This touching sequel to Marjorie Agosín’s I Lived on Butterfly Hill continues the story of fourteen-year-old Celeste Marconi, who returns to Chile after the fall of dictator Augusto Pinochet and must learn to rebuild her interrupted life. Reestablishing ties with her family is challenging. Celeste knows that she was sent to relatives in the United States for her own safety but, only partially understanding the suffering she left behind, she is filled with resentment and guilt. Learning about the torture her parents and others endured and the extent of the regime’s brutality is a shock that she gradually absorbs and integrates.
Celeste passionately wishes to aid in the rebuilding of her community. She is troubled by the number of poor people who have had no educational opportunities, and she establishes a literacy program to help those who wish to move ahead. She also develops a creative way of memorializing those who have “disappeared” from the community: “maps of memory,” consisting of personalized stones that mark areas important to those who must not be forgotten. Through these and similar activities, Celeste bonds with new friends, an important milestone on the journey to her own personal healing. Thinking about those who are still missing, their fates unknown — among them her best friend, Lucila — Celeste is spurred to further action. She and her friends painstakingly find the locale where Lucila and another of their schoolmates have found refuge after the terrors they endured. Celeste hopes her own love and support and that of others will help the two girls to overcome at least some of their fears — enough to return home to a community who cares about them. This is a difficult task, during which she learns that patience and understanding do not always yield immediate results. And yet she perseveres.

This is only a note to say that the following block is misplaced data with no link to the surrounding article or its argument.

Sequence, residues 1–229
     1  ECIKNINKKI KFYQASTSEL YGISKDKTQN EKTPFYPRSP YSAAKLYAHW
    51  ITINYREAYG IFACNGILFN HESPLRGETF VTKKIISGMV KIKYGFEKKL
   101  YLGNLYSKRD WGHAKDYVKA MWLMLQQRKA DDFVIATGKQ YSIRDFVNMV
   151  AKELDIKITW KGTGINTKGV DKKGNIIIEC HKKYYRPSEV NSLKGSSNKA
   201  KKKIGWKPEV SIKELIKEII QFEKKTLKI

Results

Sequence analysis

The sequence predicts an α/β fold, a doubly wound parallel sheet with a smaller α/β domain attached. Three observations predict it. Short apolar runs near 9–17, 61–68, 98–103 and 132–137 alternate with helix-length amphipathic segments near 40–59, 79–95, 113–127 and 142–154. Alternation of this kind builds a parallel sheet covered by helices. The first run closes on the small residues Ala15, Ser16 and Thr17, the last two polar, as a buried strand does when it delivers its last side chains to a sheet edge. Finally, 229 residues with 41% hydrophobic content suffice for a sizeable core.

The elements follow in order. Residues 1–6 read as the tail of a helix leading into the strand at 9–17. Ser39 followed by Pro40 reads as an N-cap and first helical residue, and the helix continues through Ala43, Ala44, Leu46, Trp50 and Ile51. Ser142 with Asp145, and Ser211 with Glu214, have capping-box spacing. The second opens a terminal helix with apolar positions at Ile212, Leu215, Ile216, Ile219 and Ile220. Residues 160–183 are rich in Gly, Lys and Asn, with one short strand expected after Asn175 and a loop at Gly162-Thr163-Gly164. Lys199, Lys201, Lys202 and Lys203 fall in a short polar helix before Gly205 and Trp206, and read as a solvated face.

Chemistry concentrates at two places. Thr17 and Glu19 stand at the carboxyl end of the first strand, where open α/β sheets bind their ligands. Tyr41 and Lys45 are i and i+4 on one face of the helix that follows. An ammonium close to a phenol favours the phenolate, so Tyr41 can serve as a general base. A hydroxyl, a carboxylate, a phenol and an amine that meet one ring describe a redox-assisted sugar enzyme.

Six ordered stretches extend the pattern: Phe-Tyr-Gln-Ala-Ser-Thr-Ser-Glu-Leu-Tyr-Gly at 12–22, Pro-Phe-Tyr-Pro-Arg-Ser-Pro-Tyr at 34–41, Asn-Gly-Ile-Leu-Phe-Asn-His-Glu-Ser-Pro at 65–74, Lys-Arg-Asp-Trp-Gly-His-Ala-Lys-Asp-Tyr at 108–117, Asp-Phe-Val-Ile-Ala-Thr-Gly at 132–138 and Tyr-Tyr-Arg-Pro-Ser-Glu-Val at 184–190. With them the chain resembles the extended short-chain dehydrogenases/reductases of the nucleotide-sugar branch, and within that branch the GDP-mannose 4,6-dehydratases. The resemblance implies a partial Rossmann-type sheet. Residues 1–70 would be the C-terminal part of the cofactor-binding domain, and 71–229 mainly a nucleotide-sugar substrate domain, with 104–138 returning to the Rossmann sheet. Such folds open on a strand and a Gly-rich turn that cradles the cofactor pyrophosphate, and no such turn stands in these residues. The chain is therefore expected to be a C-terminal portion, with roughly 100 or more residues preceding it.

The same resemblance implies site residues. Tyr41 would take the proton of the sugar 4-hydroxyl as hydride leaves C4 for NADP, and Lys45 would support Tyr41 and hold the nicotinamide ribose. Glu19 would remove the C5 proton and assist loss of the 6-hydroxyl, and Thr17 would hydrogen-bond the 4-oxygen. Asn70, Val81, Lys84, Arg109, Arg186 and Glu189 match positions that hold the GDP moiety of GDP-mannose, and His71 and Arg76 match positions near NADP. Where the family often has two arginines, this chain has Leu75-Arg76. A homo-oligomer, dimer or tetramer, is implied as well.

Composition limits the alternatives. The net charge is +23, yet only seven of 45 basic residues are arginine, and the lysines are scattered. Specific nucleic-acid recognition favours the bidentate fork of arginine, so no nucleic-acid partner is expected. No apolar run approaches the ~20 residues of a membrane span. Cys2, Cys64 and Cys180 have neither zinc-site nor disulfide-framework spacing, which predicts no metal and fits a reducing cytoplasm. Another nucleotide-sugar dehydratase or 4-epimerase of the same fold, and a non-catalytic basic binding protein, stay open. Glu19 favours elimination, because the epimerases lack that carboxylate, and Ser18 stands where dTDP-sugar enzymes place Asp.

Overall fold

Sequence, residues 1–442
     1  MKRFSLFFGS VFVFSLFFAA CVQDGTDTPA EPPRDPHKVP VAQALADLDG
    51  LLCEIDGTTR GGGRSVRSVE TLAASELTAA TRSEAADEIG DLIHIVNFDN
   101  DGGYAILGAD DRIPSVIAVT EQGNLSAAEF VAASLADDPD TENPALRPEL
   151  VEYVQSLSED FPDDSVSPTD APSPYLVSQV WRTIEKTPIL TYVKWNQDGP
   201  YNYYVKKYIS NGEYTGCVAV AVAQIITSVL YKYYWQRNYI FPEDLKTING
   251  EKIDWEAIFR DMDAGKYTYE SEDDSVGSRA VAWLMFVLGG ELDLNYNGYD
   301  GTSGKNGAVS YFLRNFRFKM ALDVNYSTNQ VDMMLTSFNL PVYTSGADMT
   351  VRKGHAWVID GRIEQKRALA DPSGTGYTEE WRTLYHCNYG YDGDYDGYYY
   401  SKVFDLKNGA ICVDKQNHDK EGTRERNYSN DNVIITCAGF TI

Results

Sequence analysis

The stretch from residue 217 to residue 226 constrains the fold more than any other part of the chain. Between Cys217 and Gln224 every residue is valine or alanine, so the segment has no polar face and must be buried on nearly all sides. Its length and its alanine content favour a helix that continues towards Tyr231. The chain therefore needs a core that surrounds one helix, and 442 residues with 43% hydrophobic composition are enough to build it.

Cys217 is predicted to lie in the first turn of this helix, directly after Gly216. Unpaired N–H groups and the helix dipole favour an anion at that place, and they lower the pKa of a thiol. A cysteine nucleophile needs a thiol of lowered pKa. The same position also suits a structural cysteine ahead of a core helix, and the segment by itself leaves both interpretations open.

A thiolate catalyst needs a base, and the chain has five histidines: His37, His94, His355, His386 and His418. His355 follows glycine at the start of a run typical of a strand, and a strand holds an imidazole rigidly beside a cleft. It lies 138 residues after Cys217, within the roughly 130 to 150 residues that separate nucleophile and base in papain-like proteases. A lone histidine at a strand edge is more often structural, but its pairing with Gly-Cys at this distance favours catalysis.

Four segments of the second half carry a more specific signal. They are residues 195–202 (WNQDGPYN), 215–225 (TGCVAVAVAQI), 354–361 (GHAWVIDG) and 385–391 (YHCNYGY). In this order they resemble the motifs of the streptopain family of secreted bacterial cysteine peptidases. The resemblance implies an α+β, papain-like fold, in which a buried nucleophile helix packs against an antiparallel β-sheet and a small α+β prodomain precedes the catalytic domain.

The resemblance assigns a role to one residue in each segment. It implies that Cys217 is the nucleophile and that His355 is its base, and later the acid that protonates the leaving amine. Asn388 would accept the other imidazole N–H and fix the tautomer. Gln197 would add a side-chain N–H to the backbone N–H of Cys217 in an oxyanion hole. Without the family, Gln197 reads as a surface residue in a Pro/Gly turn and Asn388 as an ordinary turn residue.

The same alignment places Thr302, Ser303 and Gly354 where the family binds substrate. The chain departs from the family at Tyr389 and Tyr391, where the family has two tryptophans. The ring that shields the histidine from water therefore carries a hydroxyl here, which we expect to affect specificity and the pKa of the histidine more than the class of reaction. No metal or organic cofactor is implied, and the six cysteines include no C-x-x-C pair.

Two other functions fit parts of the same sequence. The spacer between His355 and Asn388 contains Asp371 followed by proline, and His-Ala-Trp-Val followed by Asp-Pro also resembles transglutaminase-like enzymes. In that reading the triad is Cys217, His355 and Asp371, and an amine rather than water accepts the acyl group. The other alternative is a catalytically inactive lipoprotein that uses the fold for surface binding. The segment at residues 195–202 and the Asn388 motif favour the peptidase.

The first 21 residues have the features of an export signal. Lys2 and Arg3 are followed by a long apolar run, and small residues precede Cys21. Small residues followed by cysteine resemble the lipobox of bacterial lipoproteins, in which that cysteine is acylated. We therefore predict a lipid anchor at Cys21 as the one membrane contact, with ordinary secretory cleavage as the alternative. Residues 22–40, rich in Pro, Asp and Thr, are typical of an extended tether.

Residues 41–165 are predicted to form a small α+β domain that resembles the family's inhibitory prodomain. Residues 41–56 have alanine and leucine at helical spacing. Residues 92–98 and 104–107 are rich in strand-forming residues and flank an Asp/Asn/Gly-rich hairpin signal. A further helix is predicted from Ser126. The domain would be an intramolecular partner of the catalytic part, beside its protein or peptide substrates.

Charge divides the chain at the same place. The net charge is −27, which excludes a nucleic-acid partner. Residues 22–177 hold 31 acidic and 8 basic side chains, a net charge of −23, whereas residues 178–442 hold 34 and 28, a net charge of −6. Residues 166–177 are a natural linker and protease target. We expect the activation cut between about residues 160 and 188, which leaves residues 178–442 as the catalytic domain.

The Maps of Memory animates a piece of history with which the reader may not be familiar. It highlights the ways in which sensitivity and understanding, in conjunction with selfless giving and forgiveness, can make an often terrifying world a place where hope exists and flourishes — a world where it is possible to thrive.
Michal Hoschander Malen is the editor of Jewish Book Council’s young adult and children’s book reviews. A former librarian, she has lectured on topics relating to literacy, run book clubs, and loves to read aloud to her grandchildren.